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Published: March 2010
In 2009, the global silicone/silane market was valued approximately 24% higher than in 2005. Most of the growth in consumption occurred in China.
Silicone polymers or siloxanes are versatile materials consisting of an alternating silicon-oxygen backbone, typically with aliphatic or aromatic side groups. Other pendant side-chains, such as hydrogen, hydroxyl, amino or epoxy groups, may also be used. Silicones can be classified as fluids, elastomers or resins depending on their molecular weight, the extent of cross-linking, and the type and number of organic groups attached to the silicon atoms.
Silicones have the following distinctive properties: chemical and physical inertness, thermal and oxidative stability, low surface tension, relatively small change in viscosity with temperature or rate of shear, good low-temperature performance, water repellency and high compressibility. The -Si-O- chemical bond is found in other high-temperature materials such as quartz, glass and sand. These products share silicone’s relative inertness to ozone, weathering and other forces. However, the organic side-chains attached to the silicon atoms (as in the above example) incorporate a flexibility unmatched by most materials. The basic silicone molecule can be altered to obtain a wide range of different properties by partially replacing the methyl groups with other organic groups, permitting tailoring for specific applications.The following pie chart shows world consumption of silicones:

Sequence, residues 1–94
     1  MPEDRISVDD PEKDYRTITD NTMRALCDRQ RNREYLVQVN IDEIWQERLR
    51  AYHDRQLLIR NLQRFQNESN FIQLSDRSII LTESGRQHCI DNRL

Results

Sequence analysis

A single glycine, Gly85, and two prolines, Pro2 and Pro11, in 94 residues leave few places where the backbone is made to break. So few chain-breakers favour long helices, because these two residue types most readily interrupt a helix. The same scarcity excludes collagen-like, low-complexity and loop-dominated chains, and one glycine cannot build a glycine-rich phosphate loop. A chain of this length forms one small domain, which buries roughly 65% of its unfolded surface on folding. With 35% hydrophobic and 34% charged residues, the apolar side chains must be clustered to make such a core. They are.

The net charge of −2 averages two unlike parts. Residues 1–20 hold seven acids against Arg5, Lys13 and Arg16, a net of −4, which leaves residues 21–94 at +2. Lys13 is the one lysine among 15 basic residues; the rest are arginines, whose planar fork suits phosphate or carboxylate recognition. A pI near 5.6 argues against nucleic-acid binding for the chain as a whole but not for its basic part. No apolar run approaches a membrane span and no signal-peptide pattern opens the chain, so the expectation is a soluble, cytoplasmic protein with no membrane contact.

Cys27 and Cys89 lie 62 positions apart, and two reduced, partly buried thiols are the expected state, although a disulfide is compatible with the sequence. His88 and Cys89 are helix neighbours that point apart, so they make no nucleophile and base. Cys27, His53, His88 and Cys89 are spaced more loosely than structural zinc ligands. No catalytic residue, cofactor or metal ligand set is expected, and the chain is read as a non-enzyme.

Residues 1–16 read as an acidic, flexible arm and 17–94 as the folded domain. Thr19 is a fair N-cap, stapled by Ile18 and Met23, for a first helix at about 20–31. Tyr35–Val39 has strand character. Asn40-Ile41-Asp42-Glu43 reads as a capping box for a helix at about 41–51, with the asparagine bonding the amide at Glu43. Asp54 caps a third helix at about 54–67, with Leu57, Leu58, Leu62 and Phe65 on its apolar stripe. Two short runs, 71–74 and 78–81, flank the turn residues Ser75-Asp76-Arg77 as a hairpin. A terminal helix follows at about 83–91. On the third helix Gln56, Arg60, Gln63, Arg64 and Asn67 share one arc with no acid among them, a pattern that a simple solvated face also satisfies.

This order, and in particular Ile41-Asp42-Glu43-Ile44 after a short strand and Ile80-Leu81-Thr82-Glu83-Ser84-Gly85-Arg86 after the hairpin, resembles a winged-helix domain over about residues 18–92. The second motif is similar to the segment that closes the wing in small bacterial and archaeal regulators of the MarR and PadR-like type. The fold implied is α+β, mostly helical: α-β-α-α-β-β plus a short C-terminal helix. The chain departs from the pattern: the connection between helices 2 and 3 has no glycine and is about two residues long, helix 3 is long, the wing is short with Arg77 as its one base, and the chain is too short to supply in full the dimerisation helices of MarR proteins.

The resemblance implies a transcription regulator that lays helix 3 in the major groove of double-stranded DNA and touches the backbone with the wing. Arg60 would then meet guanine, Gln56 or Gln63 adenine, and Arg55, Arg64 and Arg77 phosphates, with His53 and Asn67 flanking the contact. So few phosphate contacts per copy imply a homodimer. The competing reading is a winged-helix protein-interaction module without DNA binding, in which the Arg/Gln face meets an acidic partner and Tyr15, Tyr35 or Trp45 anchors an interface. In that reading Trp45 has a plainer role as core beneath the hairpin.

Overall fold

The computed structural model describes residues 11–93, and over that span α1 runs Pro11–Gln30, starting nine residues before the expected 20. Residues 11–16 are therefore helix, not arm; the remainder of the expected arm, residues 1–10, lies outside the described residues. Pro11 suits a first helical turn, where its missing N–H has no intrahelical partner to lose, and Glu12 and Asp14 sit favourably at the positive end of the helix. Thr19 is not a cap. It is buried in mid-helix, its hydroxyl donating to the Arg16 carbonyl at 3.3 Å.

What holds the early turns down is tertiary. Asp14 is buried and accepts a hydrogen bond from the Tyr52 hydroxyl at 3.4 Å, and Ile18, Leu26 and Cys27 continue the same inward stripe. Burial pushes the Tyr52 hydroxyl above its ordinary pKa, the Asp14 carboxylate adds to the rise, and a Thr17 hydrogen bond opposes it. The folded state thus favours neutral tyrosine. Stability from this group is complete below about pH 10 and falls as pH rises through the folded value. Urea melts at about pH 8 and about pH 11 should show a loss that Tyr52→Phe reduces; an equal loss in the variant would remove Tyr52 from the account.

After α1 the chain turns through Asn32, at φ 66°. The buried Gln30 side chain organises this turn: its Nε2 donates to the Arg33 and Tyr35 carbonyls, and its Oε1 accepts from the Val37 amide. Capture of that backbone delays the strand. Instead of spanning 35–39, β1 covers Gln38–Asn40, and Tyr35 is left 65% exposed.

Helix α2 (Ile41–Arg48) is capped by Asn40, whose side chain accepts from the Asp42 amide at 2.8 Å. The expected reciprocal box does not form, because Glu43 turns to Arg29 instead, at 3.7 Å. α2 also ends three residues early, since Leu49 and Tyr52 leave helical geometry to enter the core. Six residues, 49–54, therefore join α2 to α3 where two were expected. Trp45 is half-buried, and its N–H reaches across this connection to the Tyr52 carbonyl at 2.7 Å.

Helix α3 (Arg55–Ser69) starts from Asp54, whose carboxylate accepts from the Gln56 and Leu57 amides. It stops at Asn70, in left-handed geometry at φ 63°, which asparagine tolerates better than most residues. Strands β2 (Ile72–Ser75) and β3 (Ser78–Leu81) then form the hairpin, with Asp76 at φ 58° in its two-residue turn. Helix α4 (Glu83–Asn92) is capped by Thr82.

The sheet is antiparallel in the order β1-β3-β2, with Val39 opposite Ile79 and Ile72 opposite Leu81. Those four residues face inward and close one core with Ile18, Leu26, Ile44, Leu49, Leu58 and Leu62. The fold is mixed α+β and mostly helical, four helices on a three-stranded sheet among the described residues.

Over the next five years, global consumption of silicones is expected to grow at an average rate of 6.2% per year, with the most rapid growth expected to be in Asian countries other than Japan, particularly China, because of rapidly growing, export-oriented economies. Above-average growth may also occur in Central and South America. Significant new Asian capacity is available, particularly in China.